This is a way to rediscover a quite well-studied class of groups:

**Proposition** *Let $G$ be a group. Equivalent statements: (a) $G$ admits a partition $G=A\sqcup B$ with $1\in A$, $B$ nonempty, and both $A,B$ subsemigroups. (b) $G$ admits a nontrivial order-preserving action on some totally ordered set [which can be chosen to be the real line, or $\mathbf{Q}$, if $G$ is countable] (c) $G$ has a nontrivial left-orderable quotient.*

The equivalence between (b) and (c) is classical. If $G$ has a non-trivial orderable quotient $p:G\to Q$, there is (by definition) a submonoid $K$ of $Q$ such that $K\cap K^{-1}=\{1_Q\}$ and $K\cup K^{-1}=Q$; pulling back to $G$ yields the desired decomposition.

Conversely, suppose that $G=A\cup B$ as above (with $1\in A$). Define $H=A\cap A^{-1}$: this is a subgroup (call it "core" of the decomposition).

Observe that $HB=BH=B$: indeed if $h\in H$ and $b\in B$, suppose by contradiction $a:=hb\in A$: so $b=ah^{-1}\in AA\subset A$, contradiction, same contradiction if $bh\in A$.

On $G/H$ define a total order by $gH\le g'H$ if $g^{-1}g'\in A$. Note that this doesn't depend on the choices of $g,g'$ modulo $H$ on the right. This relation is $G$-invariant, and is easily seen to be a total order. It is not reduced to a singleton (since $H=A$ would force $B$ empty, since the complement of a subgroup can't be closed under multiplication, unless empty).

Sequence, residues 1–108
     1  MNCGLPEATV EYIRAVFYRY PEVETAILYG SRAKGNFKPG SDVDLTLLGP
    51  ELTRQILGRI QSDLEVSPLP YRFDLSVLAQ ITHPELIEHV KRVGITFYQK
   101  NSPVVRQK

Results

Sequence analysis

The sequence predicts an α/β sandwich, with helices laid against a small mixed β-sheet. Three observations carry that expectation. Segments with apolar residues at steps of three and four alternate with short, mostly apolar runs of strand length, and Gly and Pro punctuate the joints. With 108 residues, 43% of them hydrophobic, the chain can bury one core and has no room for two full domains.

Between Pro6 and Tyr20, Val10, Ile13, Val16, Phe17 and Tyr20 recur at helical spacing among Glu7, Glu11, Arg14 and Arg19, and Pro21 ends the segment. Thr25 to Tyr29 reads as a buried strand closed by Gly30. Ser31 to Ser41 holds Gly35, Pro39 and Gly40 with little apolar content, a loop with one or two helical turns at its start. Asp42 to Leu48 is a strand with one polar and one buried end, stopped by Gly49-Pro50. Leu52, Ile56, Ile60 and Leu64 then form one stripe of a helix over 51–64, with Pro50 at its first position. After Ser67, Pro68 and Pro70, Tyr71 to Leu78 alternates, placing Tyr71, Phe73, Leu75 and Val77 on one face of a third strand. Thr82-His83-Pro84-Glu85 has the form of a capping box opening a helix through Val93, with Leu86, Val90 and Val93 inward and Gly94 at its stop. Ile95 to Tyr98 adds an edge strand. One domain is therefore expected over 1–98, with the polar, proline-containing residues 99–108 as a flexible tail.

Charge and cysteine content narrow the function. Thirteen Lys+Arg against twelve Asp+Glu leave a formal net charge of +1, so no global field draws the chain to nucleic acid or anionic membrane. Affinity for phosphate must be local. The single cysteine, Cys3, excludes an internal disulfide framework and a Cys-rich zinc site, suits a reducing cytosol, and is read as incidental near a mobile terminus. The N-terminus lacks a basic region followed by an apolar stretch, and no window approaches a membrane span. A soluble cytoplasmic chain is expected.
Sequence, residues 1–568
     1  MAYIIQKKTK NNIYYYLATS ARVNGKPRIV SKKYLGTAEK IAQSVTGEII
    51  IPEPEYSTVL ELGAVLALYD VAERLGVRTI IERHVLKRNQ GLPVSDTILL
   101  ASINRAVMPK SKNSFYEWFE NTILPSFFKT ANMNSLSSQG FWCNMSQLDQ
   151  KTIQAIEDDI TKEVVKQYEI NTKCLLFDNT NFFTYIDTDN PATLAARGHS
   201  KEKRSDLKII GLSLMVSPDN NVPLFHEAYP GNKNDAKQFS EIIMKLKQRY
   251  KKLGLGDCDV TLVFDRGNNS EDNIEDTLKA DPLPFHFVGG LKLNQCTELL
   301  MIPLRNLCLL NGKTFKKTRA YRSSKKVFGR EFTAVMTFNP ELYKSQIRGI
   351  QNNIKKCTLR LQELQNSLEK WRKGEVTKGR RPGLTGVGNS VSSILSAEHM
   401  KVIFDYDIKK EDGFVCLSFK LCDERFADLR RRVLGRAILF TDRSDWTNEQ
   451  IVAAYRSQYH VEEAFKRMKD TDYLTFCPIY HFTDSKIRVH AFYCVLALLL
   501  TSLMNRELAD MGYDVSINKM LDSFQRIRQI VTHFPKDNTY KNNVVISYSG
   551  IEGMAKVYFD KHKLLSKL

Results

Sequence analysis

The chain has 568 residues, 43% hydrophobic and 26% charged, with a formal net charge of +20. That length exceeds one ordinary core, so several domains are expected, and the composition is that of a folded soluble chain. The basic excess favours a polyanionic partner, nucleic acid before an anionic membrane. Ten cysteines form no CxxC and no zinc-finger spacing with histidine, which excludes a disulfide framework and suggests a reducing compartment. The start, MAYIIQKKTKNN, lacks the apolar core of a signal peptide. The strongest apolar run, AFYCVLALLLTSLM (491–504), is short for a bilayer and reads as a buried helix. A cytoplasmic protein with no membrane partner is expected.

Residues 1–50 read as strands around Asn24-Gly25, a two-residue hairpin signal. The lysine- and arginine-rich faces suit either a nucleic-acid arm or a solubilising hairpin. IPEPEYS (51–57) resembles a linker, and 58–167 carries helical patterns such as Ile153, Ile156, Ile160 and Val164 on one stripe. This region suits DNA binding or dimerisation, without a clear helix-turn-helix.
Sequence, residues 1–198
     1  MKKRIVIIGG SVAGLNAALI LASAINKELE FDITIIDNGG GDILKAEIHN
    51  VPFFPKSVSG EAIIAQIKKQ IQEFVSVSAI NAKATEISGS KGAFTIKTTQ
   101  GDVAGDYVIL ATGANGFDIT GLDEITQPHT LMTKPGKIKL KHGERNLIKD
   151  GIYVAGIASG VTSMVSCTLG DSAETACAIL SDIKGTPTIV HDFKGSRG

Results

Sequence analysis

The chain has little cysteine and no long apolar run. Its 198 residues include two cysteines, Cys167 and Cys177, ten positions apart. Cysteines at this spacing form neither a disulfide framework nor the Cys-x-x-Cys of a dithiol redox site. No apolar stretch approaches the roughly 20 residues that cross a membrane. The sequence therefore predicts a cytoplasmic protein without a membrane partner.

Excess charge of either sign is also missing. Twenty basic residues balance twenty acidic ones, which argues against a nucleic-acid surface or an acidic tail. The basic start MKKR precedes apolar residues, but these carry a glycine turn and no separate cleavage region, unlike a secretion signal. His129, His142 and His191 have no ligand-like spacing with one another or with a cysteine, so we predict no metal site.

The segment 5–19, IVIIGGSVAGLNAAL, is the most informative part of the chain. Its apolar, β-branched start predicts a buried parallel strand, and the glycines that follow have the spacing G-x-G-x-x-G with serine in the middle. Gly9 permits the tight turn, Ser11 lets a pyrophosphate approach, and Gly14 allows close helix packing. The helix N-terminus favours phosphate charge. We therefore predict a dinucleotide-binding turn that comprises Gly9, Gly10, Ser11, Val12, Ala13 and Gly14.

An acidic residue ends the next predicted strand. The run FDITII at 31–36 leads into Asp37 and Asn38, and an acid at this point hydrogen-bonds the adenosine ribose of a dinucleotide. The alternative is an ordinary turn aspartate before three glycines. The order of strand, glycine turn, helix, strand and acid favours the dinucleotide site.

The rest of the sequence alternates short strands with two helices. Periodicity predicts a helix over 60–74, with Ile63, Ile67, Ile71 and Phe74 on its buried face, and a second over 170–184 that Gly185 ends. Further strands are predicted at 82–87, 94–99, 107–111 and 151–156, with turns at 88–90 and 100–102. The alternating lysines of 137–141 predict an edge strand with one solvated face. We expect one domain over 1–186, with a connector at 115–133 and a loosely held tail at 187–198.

*Edit:* this argument shows something more precise, not only describing the class of groups, but describing these decompositions:

**Proposition 2**: *Let $G$ be a group. (1) If $G$ acts on a totally ordered set $X$ in a order-preserving and $x\in X$, define $A=\{g\in G:gx\le x$ and $B=\{g\in G:gx>x\}$. Then $G=A\sqcup B$ is a decomposition with the given axioms (and $1\in A$). (2) Conversely, any such decomposition of $G$ occurs in this way (for some such action and $x$, where we can assume in addition the action to be transitive).*

Note that $B$ is empty iff $G$ fixes $x$.

Note that this shows that if $G$ has such a decomposition, it has one for which the core is a normal subgroup (while in general the core need not be normal).

Also, since non-abelian free groups are themselves left-orderable, they admit such decomposition that are not of the prescribed form (namely have such a decomposition with trivial core).